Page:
Brain development is the most rapid in the first 3 years of human's life. Human's brain is still flexible and plastic during those early years. I would say a person's Enneagram type has been determined early in life even if not by genes alone, but the defensive mechanism of individual types have not been fully developed and become apparent until later in life.

    You will not be able to change your core Enneagram type but you can change your MBTI preference by developing your weaker functions...to a certain extent.

    :ranger:
     
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  6. VH

    VH Variable Hybrid

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    The human mind is far too adaptive to presume that anyone can't change personality types in any system, no matter where those personalities are rooted.

    Cognitive Processes are rooted in specific regions of the mind, and their development seems to be just as much nature as nurture. Enneagram appears to be the same, genetic predisposition combined with life experiences, especially in formative years. However, it is possible (even if highly unlikely) that given enough stressors that someone can change types in either system.

    That said, it appears that MBTI is based on how the mind functions and Enneagram is based on why it functions.

    Also, Last Dawn, your childhood description sounds a lot like mine.
     
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    #6 VH, Aug 7, 2010
    Last edited: Aug 7, 2010
  7. KazeCraven

    KazeCraven Graduated from Typology : May 2011
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    @VH: well, it is adaptive, but that doesn't mean that when we adapt we are changing our type. Someone who is an INFP and gets stuck with a whole lot of routine detail work can probably adapt and do it well, but I'm pretty sure that individual is going to get pretty stressed out from having to work with that. This is where concepts such as the Falsification of Type come from.

    Also, with the Enneagram there is definitely room for becoming more like a type that isn't your own, but it seems to me that when people change in what motivates them it's usually due to the interaction between the activity and the need changes rather than the need itself. Hmmm, though I'm less sure about this one so I suppose I'll just stand by my statement on the MBTI instead.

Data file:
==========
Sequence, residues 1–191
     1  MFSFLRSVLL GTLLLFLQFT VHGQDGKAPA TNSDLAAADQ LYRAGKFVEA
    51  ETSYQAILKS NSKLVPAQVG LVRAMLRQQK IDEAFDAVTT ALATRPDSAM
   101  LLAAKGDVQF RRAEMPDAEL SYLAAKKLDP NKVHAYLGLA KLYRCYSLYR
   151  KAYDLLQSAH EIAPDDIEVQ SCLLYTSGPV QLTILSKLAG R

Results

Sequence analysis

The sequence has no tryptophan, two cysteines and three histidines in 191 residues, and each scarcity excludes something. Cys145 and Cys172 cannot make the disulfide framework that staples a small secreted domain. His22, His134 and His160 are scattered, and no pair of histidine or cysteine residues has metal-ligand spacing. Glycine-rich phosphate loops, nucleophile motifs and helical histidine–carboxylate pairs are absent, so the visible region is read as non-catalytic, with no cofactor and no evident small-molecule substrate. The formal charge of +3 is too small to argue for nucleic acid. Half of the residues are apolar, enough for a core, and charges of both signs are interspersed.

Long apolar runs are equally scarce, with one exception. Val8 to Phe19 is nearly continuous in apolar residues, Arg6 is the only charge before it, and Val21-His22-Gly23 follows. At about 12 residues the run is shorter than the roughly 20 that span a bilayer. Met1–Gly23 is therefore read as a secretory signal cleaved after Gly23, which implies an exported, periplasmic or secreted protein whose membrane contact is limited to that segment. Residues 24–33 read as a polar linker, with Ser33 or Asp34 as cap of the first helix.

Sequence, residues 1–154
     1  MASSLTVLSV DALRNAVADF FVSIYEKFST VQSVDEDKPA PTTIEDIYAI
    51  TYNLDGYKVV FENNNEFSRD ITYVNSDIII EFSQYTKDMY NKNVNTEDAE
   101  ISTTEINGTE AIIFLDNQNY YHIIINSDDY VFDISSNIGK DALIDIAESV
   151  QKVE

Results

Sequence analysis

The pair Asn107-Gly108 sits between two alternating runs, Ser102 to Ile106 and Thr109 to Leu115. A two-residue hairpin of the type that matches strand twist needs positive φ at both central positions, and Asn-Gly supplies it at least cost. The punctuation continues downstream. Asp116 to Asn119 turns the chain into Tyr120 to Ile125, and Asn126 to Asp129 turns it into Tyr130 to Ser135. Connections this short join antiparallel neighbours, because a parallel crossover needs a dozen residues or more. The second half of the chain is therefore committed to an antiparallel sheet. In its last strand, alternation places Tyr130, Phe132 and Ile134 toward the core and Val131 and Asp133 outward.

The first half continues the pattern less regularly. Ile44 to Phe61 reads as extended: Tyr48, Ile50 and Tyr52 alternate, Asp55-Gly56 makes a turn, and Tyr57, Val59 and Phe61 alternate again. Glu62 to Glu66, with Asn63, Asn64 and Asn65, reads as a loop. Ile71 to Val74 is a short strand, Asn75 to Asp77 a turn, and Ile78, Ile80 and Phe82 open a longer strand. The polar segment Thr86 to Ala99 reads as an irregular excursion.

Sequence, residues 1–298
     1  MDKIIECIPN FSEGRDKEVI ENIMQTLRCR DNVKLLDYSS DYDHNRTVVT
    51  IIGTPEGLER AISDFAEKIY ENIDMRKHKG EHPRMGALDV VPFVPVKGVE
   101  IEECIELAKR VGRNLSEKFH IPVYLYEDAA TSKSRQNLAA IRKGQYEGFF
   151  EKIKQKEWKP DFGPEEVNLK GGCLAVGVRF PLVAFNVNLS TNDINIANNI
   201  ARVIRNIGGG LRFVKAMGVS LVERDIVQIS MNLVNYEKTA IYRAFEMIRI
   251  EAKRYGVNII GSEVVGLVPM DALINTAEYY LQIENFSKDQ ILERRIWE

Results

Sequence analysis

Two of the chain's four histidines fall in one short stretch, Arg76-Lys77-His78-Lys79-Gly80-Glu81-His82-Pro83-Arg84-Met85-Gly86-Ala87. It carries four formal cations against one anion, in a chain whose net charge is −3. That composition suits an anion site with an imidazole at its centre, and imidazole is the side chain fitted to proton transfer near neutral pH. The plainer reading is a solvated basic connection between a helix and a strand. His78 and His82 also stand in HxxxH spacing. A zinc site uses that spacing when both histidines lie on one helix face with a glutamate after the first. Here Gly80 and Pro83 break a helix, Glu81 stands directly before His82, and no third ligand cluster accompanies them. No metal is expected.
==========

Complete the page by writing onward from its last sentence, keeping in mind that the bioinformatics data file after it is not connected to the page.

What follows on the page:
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  8. VH

    VH Variable Hybrid

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    This example doesn't provide the INFP with enough motivation to adapt by changing function preferences. It only provides motivation to create a subset of functions for a specific activity.

    If the INFP was under life or death stress to change their preferences, and these stresses involved long term tapping of Enneagram type motivations, then it is highly possible that the mind would adapt by modifying cognitive process preferences.

    Again, I'm not saying that changing type is likely, just possible. But, the mind will always take the path of least resistance to adaptation, so it will require a lot of resistance to force the mind to rewire itself rather than simply make temporary modifications - which is what happens in the vast majority of cases.
     
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  9. KazeCraven

    KazeCraven Graduated from Typology : May 2011
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    Well, considering I've not dealt with any extremely stressful situations, I suppose I might have to agree here. I suppose I was under the impression that you were suggesting that type change was likely, so that clears up a few things. I know a professor who studies emotion and he frequently comments how resilient people really are in the long term, even the apparently sensitive ones.

    I suppose the question then is how changeable type is. Perhaps other instances other than extreme stress would cause a type change, but if not it seems that we'd be able to track type changes by tracking extreme stress situations. I don't think I've ever had any such thing, so I'd be comfortable saying that my type(s) have never changed.